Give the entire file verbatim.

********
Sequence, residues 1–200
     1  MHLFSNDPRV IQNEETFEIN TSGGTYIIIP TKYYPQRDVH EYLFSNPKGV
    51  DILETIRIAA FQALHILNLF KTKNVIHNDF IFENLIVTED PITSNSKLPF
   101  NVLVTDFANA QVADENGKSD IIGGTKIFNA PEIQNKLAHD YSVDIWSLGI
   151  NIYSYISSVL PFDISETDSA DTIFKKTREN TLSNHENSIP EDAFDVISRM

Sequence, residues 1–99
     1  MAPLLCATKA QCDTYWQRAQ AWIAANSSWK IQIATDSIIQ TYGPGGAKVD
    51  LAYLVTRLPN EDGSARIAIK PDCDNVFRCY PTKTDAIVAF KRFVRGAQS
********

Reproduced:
Sequence, residues 1–200
     1  MHLFSNDPRV IQNEETFEIN TSGGTYIIIP TKYYPQRDVH EYLFSNPKGV
    51  DILETIRIAA FQALHILNLF KTKNVIHNDF IFENLIVTED PITSNSKLPF
   101  NVLVTDFANA QVADENGKSD IIGGTKIFNA PEIQNKLAHD YSVDIWSLGI
   151  NIYSYISSVL PFDISETDSA DTIFKKTREN TLSNHENSIP EDAFDVISRM

Sequence, residues 1–99
     1  MAPLLCATKA QCDTYWQRAQ AWIAANSSWK IQIATDSIIQ TYGPGGAKVD
    51  LAYLVTRLPN EDGSARIAIK PDCDNVFRCY PTKTDAIVAF KRFVRGAQS